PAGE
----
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Daschle Withdraws Nomination

Updated: 1:29 p.m.

Plagued by questions about his failure to pay more than $100,000 in taxes, former Sen. Tom Daschle (D-S.D.) on Tuesday asked President Barack Obama to withdraw his nomination to be secretary of Health and Human Services.

In a statement released by the White House, Daschle said the job of running HHS and reforming the nation’s health care system would require someone with “the full faith of Congress and the American people,” adding. “Right now, I am not that leader, and will not be a distraction.”

In a separate statement by Obama, the president said: “Tom made a mistake, which he has openly acknowledged.” He noted that neither he nor Daschle had excused the error. “I accept his decision with sadness and regret,” Obama said.

There was no word on a replacement for Daschle.

Reactions from his former colleagues were mixed. Democrats expressed disappointment, while Republicans, generally, said the decision was the appropriate one.

“That’s sad, and unfortunate. He had a lot to offer the country,” said Sen. Bob Casey (D-Pa.), also a close ally of Obama’s.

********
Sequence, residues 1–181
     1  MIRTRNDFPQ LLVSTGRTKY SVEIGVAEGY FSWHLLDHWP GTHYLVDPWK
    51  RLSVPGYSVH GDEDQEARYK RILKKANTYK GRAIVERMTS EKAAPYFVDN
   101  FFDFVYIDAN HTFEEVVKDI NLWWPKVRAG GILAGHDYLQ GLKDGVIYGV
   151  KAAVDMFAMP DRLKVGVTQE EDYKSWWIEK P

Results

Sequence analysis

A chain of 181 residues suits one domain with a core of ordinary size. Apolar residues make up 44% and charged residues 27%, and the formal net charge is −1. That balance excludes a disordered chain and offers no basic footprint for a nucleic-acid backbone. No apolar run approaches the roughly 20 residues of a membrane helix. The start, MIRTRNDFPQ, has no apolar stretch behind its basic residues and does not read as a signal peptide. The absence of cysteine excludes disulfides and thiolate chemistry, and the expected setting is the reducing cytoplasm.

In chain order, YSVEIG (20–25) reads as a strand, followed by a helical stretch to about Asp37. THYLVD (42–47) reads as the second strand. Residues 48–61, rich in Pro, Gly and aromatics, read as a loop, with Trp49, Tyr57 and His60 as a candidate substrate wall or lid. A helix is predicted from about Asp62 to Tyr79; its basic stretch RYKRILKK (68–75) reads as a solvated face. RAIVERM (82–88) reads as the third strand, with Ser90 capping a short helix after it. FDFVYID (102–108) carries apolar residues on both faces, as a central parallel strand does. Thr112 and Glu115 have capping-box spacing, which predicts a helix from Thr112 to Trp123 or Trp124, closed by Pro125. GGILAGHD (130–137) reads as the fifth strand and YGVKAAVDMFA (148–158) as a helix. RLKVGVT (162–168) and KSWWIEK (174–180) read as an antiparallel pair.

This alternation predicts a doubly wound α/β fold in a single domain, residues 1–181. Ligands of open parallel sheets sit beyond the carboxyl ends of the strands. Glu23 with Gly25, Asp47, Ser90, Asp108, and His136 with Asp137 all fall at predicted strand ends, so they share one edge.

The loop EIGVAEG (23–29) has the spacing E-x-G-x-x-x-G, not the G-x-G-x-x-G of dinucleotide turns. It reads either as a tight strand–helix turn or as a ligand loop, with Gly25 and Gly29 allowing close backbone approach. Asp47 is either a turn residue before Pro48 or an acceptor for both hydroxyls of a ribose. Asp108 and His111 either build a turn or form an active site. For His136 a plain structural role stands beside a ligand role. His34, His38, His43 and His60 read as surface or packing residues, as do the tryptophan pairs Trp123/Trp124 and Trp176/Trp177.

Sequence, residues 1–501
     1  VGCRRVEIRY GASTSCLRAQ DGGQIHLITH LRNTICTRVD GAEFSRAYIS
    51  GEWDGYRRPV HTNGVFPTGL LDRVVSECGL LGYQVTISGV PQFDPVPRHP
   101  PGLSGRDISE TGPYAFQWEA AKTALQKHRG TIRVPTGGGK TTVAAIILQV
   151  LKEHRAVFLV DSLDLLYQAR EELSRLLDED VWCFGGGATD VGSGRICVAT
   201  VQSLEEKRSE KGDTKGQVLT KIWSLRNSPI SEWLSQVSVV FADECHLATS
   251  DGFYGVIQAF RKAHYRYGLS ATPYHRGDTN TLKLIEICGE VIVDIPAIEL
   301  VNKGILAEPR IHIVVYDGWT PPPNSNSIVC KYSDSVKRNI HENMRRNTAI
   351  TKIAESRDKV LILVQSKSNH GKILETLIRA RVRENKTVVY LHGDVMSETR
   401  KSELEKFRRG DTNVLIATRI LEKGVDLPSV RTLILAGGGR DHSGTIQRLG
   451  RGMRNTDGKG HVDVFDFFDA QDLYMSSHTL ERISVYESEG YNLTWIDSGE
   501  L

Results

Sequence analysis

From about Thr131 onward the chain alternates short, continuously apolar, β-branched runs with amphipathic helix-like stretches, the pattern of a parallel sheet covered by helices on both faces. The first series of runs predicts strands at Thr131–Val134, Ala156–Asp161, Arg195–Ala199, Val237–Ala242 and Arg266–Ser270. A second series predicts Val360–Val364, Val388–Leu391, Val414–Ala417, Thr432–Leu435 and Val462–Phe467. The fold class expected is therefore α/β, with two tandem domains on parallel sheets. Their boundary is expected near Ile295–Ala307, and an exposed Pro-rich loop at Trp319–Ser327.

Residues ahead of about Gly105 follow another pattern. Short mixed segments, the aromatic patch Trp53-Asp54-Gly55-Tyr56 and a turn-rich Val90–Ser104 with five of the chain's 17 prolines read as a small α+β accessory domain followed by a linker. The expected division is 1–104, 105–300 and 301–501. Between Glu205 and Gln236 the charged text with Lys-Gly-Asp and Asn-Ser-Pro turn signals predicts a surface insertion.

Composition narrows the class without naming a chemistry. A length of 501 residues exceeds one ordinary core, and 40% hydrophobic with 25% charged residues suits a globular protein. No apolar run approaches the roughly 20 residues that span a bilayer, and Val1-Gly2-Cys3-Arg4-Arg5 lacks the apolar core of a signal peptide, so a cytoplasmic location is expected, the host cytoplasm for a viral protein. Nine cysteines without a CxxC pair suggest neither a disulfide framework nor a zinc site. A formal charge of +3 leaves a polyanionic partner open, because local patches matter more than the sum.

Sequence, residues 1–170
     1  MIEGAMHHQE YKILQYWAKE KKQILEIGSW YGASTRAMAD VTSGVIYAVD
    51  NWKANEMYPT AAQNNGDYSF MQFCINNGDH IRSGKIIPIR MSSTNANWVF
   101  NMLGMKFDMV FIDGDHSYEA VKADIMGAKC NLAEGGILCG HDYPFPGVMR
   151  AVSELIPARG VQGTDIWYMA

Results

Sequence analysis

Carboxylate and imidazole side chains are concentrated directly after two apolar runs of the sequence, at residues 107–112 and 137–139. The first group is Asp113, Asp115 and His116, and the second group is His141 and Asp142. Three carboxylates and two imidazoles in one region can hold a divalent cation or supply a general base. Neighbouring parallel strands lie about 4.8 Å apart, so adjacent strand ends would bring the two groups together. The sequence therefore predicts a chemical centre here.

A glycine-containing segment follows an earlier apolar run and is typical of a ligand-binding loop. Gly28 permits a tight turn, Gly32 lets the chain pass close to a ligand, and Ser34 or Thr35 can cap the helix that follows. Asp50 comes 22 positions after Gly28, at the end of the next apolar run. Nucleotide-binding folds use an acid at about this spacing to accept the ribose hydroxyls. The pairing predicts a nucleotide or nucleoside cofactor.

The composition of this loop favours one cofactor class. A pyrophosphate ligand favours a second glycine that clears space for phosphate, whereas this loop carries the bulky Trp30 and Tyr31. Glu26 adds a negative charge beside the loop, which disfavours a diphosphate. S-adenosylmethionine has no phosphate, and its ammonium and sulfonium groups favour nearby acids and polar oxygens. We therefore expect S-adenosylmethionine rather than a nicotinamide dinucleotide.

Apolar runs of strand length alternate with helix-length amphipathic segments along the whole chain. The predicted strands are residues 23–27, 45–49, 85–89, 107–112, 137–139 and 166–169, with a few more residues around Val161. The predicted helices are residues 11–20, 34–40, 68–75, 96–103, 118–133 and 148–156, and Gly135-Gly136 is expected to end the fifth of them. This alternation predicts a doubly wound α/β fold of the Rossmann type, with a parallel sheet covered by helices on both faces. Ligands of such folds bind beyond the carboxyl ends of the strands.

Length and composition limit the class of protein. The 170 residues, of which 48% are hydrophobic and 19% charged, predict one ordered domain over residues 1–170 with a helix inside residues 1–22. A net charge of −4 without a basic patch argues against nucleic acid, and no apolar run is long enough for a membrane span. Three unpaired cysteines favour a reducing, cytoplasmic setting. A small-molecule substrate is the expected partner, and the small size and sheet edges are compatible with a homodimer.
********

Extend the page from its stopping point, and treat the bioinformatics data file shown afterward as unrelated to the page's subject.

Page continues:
Sen. John Cornyn (R-Texas), who earlier Tuesday said he would not support Daschle’s nomination, said Daschle’s tax problems were simply too great. He called it “a little too much to swallow.”

“I’m afraid the story got worse and worse. I think he did a service to President Obama. I think it would’ve looked bad for the Senate to close ranks on a former Member,” Cornyn said.

It remained unclear whether Senators would have rejected Daschle’s nomination had it made it to the Senate floor, but several Republicans, including Cornyn, were ready to oppose it. Earlier Tuesday, conservative Sen. Jim DeMint (R-S.C.) urged Obama to withdraw the nomination.

Sen. John Kerry (D-Mass.), a Finance Committee member who met behind closed doors with the embattled nominee on Monday night, was unaware of the news. He said: “He’s made his decision, I respect his decision. We go on from there.”

“What?” said a visibly shaken Sen. Dianne Feinstein (D-Calif.), informed of Daschle’s withdrawal by reporters as she exited the Senate floor to head into the policy lunch.

“To tell you the truth I’m in shock,” she said. “I didn’t know that. I don’t know what happened … he would have been a great addition to the Cabinet. He can get things done on the Hill, which is a good thing. If you don’t know the Hill it’s a problem.”

DeMint called it “unfortunate,” but he said “it was for the good of the Obama administration and [its] credibility. He promised change, and the American people were starting to sense that this was not change at all.”

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